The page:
iguanas (Iguana iguana) are large semi-arboreal to arboreal lizards
of the primarily New World Americas. They are almost an exclusively herbivorous
reptile. Earlier beliefs were that the juveniles were insectivores, and
then gradually grew into herbivorous adults. However recent studies on
stomach content in wild iguanas have revealed that this is not the case.
Iguanas are born herbivores and do not go through an ontogenetic shift
from insectivore to herbivore. The digestive system is therefore designed
plant materials and not, as some recommend, to digest meat in any amount.
The green iguana has evolved an elaborate hindgut, housing a microbial
fermentation system that allows it to utilize fiber as effectively as mammalian
ruminants. The adult iguanas spend most of their time in the upper parts
of the trees, while the juveniles are either on the ground or in the lower
parts of the trees and bushes. Due to the iguana's habitat, its wild diet
consists of a variety of leaves, small fruits and flowers - and this variety
should be provided in captivity as well. It may sound easy to provide a
varied diet for the captive iguana, however the diet must also be a nutritiously
balanced and healthy diet and this is why the iguana owner needs to learn
some basic guidelines for making a proper Iguana-salad.
Photo by Chris Estep
don't recognize what we are trying to feed them as being proper food. They
are attracted by certain shapes and colors, and may, like humans, get 'hooked'
on junk foods, foods that either lack nutritional value or that are downright
harmful to them, or foods that they are simply used to getting. This is
a particular problem with pre-owned iguanas, iguanas being fed less than
ideal diets, and those who have come from pet stores where they have been
fed the generally inappropriate feed usually fed to them. One needs to
learn how to deal with this syndrome, how to be patient, not give in, and
eventually be rewarded with your iguana eating what it should!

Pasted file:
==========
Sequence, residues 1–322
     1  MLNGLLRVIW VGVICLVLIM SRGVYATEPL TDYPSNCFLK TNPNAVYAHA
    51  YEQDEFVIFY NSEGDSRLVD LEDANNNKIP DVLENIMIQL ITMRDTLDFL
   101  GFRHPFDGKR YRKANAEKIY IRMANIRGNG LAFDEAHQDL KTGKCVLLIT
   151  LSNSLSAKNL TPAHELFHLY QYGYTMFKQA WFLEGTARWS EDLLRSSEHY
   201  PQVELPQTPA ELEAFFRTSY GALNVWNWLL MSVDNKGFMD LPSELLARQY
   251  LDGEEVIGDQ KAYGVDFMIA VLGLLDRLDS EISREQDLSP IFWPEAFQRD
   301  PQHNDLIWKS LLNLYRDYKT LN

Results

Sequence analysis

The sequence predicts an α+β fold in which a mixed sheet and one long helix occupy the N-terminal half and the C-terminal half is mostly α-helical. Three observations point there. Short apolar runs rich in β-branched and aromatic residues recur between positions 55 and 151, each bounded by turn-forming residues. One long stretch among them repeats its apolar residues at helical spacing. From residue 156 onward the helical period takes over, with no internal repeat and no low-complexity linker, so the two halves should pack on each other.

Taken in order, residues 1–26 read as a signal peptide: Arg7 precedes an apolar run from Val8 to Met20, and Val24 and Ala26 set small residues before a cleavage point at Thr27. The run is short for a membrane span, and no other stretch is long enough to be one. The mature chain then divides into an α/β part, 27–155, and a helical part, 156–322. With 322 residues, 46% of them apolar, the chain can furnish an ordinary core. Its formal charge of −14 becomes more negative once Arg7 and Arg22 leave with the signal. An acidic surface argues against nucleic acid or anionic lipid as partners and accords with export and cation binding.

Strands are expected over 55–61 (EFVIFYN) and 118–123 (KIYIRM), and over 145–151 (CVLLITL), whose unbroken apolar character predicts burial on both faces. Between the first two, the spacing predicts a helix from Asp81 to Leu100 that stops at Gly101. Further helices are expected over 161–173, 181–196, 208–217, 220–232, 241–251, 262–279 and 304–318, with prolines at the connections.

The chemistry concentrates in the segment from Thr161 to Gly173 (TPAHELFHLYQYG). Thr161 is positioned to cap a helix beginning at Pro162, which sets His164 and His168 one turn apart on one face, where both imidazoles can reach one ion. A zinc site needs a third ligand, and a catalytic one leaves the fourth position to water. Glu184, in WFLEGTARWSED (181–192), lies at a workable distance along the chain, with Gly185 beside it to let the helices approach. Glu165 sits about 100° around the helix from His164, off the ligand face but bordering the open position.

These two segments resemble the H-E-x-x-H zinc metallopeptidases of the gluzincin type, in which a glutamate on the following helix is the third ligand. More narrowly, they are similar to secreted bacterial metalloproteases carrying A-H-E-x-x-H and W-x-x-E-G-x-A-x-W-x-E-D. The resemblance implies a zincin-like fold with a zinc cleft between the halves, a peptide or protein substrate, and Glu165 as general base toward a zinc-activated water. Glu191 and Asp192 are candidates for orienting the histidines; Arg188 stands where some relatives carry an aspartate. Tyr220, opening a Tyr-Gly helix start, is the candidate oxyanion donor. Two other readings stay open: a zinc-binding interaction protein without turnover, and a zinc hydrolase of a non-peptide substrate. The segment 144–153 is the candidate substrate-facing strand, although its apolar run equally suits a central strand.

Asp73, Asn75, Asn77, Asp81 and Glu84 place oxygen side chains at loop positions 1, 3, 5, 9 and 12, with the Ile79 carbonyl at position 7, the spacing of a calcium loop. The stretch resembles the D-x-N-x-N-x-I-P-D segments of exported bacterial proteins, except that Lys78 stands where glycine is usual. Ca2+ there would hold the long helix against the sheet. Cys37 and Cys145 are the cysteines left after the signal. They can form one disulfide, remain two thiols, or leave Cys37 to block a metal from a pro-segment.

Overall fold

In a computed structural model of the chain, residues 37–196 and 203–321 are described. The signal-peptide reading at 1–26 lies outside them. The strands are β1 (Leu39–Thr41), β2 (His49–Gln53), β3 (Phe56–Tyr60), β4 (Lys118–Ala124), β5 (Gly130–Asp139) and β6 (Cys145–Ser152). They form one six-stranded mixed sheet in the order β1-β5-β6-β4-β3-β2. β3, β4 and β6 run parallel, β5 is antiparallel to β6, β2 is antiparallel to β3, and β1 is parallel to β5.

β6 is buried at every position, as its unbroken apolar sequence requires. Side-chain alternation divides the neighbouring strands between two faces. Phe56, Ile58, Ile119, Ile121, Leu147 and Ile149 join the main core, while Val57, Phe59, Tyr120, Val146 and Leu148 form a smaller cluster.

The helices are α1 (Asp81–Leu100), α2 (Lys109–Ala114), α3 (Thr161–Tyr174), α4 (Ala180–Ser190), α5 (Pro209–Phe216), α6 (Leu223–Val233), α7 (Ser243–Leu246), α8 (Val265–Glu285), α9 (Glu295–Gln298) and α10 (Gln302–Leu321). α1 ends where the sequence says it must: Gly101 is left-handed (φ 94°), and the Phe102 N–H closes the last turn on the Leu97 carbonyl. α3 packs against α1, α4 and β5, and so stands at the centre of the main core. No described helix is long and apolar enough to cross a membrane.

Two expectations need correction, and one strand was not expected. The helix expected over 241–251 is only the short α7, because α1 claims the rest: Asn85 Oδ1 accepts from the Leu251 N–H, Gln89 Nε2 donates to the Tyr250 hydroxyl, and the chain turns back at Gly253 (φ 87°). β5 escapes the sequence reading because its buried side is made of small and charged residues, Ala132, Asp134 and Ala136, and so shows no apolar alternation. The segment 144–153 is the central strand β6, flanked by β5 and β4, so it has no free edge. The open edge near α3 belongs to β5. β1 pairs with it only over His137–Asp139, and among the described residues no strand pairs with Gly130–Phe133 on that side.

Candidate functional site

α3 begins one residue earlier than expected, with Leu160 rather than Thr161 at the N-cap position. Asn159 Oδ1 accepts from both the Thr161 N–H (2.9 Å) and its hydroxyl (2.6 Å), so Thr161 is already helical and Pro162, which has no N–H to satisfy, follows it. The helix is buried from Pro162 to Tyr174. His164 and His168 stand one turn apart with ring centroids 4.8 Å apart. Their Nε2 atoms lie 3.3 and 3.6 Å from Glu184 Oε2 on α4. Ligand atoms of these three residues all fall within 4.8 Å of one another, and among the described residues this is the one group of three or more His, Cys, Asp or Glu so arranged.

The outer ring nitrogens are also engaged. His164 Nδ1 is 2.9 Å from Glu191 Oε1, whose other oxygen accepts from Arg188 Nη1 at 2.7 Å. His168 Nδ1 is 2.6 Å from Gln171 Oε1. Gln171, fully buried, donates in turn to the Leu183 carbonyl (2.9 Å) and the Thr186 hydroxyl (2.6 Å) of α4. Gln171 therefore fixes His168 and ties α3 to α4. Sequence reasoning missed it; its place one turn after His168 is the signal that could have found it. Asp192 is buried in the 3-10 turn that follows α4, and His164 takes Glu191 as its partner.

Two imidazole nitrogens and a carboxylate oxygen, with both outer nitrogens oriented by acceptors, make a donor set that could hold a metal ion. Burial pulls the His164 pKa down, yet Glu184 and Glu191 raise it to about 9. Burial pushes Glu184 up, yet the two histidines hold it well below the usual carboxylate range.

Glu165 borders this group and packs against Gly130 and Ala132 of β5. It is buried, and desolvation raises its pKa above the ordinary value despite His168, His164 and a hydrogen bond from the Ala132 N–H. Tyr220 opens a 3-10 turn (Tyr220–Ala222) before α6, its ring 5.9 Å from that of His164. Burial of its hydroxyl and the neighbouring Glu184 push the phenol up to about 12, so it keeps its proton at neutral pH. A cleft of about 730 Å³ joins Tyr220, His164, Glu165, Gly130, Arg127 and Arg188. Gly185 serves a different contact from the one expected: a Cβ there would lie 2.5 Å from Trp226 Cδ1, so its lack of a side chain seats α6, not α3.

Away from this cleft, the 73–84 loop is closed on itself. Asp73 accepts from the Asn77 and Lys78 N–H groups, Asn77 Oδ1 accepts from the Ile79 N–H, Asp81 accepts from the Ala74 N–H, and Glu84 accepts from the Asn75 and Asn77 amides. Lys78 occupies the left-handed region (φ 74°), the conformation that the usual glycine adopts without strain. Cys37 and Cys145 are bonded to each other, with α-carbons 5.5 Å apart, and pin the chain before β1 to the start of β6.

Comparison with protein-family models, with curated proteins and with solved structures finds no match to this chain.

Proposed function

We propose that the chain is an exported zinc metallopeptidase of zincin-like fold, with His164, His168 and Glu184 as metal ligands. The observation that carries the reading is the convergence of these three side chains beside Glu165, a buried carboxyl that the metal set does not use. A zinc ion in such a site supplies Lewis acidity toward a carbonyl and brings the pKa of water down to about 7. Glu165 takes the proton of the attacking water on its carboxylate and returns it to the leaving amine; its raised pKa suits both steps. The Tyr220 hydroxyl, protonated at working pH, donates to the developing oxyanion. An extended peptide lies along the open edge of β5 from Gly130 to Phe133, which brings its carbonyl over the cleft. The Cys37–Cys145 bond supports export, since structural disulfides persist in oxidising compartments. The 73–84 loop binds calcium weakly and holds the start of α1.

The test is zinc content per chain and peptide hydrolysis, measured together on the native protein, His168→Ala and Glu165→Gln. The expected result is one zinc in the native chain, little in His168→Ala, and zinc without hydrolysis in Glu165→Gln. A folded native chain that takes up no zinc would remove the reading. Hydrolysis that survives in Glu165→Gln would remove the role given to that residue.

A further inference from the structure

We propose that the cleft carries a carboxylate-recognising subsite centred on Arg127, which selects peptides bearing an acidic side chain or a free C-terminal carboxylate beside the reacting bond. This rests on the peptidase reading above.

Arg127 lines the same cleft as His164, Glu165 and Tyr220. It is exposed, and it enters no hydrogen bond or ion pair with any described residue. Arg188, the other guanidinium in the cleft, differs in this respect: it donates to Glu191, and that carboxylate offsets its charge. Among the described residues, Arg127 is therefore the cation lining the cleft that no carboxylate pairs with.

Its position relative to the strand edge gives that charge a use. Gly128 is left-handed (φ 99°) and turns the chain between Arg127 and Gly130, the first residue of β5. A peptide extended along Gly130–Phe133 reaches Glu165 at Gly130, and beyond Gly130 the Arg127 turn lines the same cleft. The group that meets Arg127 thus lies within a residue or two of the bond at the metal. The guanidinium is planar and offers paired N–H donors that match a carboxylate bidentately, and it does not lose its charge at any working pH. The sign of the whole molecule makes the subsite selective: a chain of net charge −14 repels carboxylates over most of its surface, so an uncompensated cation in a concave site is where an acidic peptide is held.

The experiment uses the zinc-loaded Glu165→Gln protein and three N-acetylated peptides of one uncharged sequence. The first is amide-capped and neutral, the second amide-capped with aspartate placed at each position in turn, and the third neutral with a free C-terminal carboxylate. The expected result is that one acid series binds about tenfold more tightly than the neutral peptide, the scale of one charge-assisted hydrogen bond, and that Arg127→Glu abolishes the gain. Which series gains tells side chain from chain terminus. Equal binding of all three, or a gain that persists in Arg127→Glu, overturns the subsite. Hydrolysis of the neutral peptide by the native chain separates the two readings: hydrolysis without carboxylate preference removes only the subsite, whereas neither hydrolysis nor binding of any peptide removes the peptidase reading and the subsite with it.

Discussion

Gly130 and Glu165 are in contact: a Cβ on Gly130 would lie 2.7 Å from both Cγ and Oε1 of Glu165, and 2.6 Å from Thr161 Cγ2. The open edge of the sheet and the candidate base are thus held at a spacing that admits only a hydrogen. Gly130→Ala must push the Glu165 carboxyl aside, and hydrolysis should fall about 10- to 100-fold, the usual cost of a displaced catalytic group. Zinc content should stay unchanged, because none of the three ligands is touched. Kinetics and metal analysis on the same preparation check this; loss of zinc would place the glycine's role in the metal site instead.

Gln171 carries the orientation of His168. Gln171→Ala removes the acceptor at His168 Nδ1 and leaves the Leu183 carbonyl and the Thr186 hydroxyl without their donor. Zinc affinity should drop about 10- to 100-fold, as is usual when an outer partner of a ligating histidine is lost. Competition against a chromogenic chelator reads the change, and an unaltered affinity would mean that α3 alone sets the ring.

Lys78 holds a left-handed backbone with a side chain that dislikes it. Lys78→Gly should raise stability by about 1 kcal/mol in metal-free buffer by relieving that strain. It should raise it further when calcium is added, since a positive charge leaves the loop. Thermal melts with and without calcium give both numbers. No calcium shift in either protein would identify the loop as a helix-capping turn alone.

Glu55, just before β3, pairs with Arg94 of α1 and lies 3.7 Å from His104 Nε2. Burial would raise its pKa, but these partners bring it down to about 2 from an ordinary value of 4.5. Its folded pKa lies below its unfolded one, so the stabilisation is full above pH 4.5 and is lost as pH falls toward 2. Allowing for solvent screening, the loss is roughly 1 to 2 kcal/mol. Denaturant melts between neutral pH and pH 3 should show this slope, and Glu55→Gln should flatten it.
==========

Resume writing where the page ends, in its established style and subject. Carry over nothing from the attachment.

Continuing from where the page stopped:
There is no simple answer as to what is the best diet for iguanas. Green iguanas are hardy and extremely adaptable and will fare on a wide variety of different diets as long as they all meet a certain basic criteria. When keeping an iguana as a pet, one of the best ways to adjust the diet is to look at the veterinary problems with the associated with the diet at different stages in an iguana's life.
From The Green Iguana Manual by Philippe de Vosjoli
For juveniles up to 2½ years of age:
Daily. Twice daily or continuous availability for hatchlings.
Diet: 85-90% plant matter
10-15% animal protein sources and/or commercial pet diet
Vitamin/Mineral Supplementation: One small pinch of vitamin/mineral supplement per animal,
no more than once a day.
For iguanas 2½ years and up:
Every 1-2 days
Diet: 95% plant matter
5% animal protein sources and/or commercial pet diet
Vitamin/Mineral Supplementation: One full pinch per 2 lbs twice a week or 1/8th of a
teaspoon per 3-4 lbs of body weight per week.
mature females, increase calcium supplementation and protein sources
(up to 15%) starting in late December and through egg-laying.
you go about preparing a salad for your iguana, one of the first things
the you as an owner of an iguana needs to learn is to distinguish between
"good" and "bad" food. The "good" foods are
those food items that can be fed on a daily basis, ones listed in the Basic
Iguana Diet. If you plan to have the iguana free roaming in the
house it is a necessary to find out what plants can be placed in the home.
Only those that are non toxic should present. Please refer to Melissa